A deputy governor of the Bank of England has said that ultra-low interest rates, and by association, quite possibly quantitative easing – QE– are here forever.
Speaking at a Bloomberg conference, Minouche Shafik, deputy governor for markets and banking at the Bank of England spoke words that may assure property owners, the markets but scare the pants off people saving for their pension.
She said: “Something has changed in the last decade with big forces of demography, global savings and investment, and the neutral rate has fallen and is likely to stay low for a very long time.”
And as a result: “Deep structural forces have combined to depress the level of interest rates at which the economy would be in equilibrium, obliging us to rely ever more on monetary policies that were once considered unconventional.”
Of late, a growing chorus of voices have been calling for the end of QE, and for interest rates to rise, the gist of their argument is that the global economy has become addicted to the medicine it was given when it was put on life support in 2008/09.
One quite famous person – a certain Donald Trump had these words of wisdom at the recent TV debate with Hilary Clinton.
He said: “We are in a big, fat, ugly bubble. And we better be awfully careful. And we have a Fed that's doing political things. This Janet Yellen of the Fed. The Fed is doing political -- by keeping the interest rates at this level. And believe me: The day Obama goes off, and he leaves, and goes out to the golf course for the rest of his life to play golf, when they raise interest rates, you're going to see some very bad things happen, because the Fed is not doing their job. The Fed is being more political than Secretary Clinton.”
But for the time being, at least, Ms Shafik is right, The Don is wrong. Critics of QE have a point, but they miss the main point.
QE and ultra-low rates are not the reason why the global economy, and especially the economy in the advanced world, is weak, rates are low and QE exists because the global economy, and especially the economy in the advanced world, is weak.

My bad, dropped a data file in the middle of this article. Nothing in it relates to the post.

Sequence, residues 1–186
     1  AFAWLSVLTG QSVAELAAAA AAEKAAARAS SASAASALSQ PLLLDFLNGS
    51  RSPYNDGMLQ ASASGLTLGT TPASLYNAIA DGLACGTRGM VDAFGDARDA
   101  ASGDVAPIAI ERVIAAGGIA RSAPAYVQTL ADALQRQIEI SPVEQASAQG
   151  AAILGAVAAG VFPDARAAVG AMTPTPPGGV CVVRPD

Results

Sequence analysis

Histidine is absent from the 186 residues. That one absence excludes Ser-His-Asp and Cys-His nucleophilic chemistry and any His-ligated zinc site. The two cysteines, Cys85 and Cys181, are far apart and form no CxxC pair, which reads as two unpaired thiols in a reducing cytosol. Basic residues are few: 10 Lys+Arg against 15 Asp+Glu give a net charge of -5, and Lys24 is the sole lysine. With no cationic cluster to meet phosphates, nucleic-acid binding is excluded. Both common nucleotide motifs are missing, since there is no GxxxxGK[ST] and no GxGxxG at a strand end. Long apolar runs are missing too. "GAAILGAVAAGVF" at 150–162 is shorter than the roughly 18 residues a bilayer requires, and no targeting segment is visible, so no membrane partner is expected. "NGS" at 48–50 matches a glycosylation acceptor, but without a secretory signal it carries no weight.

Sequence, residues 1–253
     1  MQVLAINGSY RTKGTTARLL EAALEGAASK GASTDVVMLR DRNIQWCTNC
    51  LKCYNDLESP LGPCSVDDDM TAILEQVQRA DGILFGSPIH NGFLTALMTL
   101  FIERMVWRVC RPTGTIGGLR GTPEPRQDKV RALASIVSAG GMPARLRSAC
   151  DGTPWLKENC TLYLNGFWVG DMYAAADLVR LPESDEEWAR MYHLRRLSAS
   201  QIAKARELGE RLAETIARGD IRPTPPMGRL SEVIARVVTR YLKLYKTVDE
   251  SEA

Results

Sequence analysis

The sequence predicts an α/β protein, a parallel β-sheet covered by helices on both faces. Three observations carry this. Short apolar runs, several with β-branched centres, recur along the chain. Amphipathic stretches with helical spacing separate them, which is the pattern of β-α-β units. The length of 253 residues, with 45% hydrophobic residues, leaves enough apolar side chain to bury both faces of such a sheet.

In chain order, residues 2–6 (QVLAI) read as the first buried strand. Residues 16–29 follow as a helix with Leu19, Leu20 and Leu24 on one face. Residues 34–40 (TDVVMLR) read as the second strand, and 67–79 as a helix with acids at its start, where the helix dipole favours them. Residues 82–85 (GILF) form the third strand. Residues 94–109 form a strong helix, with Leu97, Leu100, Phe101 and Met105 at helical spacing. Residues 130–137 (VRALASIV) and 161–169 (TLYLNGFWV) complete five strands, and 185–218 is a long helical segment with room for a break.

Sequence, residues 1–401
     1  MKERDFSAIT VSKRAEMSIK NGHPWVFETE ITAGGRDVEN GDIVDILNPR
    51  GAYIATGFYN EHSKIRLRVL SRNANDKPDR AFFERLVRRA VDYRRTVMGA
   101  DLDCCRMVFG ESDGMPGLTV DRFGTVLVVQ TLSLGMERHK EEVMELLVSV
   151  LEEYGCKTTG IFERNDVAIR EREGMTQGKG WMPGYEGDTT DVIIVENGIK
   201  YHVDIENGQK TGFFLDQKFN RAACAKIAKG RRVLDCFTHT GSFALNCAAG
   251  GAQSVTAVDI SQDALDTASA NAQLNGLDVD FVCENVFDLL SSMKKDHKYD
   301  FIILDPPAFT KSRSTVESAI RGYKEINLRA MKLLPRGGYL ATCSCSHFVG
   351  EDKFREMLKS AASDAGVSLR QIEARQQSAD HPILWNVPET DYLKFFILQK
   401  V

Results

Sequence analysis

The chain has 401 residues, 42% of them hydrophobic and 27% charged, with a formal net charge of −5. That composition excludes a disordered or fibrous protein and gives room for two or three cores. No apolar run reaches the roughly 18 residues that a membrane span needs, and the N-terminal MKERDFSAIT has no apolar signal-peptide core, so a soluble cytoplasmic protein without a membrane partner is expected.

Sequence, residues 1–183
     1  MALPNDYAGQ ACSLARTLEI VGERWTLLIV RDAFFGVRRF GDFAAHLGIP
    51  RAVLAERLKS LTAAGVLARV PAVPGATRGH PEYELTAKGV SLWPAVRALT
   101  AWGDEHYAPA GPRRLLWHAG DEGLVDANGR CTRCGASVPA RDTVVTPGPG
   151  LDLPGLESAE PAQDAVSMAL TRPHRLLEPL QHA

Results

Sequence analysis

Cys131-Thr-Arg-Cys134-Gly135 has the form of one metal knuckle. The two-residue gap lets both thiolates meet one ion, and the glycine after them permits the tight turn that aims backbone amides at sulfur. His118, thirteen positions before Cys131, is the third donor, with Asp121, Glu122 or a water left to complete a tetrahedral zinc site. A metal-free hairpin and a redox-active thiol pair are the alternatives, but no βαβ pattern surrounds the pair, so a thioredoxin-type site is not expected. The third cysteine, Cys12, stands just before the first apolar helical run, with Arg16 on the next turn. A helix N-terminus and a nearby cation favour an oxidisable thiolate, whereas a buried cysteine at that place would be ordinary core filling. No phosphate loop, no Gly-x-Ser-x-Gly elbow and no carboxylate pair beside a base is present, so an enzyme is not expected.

And Ms Shafik is also right when she says something has changed, and her explanation is spot on.
But she may not necessarily be right in the longer term.
Savings are high across much of the world partly because the most populous generation in history, the baby boomer generation, is approaching retirement. So they are saving more, en masse.
Company profits to GDP have been soaring as the fruits of business have been channelled towards a coterie of mighty companies. Globalisation has led to increased competition in the labour market, forcing down on wages, pushing up on profits. Lower wages have reduced the imperative for companies to invest, so we have had slower growth in productivity, and massive corporate cash piles.
Other factors have been at play, such as the rise of China, with an exceptionally high savings ratio.
But when the baby boomer generation retires, they will draw down on savings, reducing the size of global savings.
Technology may yet reduce the barriers to entry, as we are already seeing in banking. And witness, the surge in the number of start-ups. Established corporate giants are set to face much greater competition, this is why so many of them are funding start-ups, trying to build stakes in future rivals. The sharing economy may redistribute wealth from companies to consumers.
And if China does what it says it wants to do and rebalances away from export and investment-led growth, then things will change again, with its savings falling.
Under these circumstances, the global economy may grow much faster, but interest rates may rise quite sharply.